Motherboard Tray I
When I designed the case, I wanted easy access to the components, especially the ones I was likely to change, or fiddle about with more often. These are mainly the motherboard components, cables (with the motherboard ports being inside the case) and the water blocks. To enable me to get at all of these, I designed a slide-out motherboard tray.
Here is a picture of the finished tray. I would have preferred to adapt a standard sliding tray, like the Lian-Li or CoolerMaster trays, but they were far too big. Instead, I was forced to scratch-build one. As the tray had to support not only the weight of the components and water blocks, but also the heavy steel back cover, it needed to be strong; also, because of the way the curve of the back of the case bulges out, I needed the tray to extend past this. Smooth and silent operation and the ability to lock open and closed would be a bonus. I hunted around and managed to find a set of steel, ball bearing drawer slides which fulfilled all these wants.
The ball bearings meant the slides are smooth and quiet. They are also strong (support up to 45kg), and the real beauty is they use three sliding sections which enables them to extend to more than twice their length when closed. I don't know what the locking method is called, but they slide smoothly until almost fully closed or open, then lock in place - casual shaking or tilting won't move them: positive pressure is needed.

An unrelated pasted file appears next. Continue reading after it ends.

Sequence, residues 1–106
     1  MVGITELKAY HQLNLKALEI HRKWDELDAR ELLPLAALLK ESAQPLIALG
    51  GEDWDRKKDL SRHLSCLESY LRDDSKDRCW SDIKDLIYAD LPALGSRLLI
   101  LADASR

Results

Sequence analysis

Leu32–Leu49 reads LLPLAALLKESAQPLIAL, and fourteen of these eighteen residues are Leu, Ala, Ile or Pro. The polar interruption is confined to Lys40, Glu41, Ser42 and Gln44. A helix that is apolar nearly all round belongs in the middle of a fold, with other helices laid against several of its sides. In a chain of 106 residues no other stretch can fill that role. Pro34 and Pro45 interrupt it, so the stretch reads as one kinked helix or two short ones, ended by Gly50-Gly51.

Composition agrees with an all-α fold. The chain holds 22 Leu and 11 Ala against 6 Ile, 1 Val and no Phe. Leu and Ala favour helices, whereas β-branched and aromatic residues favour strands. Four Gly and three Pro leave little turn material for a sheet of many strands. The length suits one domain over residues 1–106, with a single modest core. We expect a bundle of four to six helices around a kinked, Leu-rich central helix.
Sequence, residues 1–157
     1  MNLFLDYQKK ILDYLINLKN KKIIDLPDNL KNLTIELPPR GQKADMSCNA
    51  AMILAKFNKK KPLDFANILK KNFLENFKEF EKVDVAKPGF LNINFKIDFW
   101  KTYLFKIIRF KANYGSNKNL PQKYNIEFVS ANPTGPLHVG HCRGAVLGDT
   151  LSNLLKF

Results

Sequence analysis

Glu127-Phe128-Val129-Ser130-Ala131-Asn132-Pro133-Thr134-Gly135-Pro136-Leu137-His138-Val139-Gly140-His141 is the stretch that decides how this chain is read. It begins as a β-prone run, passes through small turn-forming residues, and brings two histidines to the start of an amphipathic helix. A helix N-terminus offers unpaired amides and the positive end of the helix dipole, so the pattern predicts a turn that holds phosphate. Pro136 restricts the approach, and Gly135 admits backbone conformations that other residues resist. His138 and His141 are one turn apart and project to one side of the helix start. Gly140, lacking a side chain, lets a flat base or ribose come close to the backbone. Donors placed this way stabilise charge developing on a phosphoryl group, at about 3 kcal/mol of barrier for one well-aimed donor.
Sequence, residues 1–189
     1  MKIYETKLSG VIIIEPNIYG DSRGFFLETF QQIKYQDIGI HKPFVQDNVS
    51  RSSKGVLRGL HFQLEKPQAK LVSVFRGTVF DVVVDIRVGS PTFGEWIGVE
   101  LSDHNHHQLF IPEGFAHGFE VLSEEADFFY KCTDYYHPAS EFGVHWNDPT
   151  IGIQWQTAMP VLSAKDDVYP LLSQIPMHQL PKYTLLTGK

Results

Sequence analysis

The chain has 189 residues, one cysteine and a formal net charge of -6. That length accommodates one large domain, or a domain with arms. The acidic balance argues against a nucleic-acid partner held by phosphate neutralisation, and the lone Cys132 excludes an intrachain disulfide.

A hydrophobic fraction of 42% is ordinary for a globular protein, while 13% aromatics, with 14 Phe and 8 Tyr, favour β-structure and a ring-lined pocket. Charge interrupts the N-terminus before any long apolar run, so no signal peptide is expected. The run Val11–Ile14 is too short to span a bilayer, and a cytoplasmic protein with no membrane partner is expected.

Like most of the parts, I made a cardboard model first - In this case a 1:1 scale Shuttle motherboard, X800XT PE and Audigy 2ZS. This was to confirm fit and clearances. I say 'confirm' because I had already used this particular model when working out the dimensions of the case way back in the planning stages. The top of the graphics card water block had to clear the top of the opening, while the bottom had to allow for the motherboard standoffs, thickness of the tray and the heads of screws.
The prospective motherboard tray had to clear the two Hard Drives I would be mounting in the bottom of the case. KustomPCs sent me two, antivibration, HDD racks, which used a terrific system of rubber straps to suspend the HDDs in space; however, these ultimately proved too large and had to be retired for something smaller.
Designing the tray proved no easy task, with the both slides....
...and case having to be levelled. Much measuring and drawing and scratching my head later, and I had a cardboard prototype.
I scored the folds and bolted the model to the slides.
Big wads of Blu-tack kept the slides level and stopped the whole lot from ending on the floor.
Sliding it in was the real test - woot! At this point, I started to feel a little more confident the whole thing would work. I have to admit the tray was the trickiest part of the mod for me. The right-hand image, above, leaps forward a month or two and shows the tray once it had been cut out of aluminium. I had started to fold the front up, intending to then fold it over again, when I changed my mind and decided to cut the back and bolt the pieces together instead. I wasn't confident that a 180-degree fold in that thickness of metal wouldn't crack or split it at the join.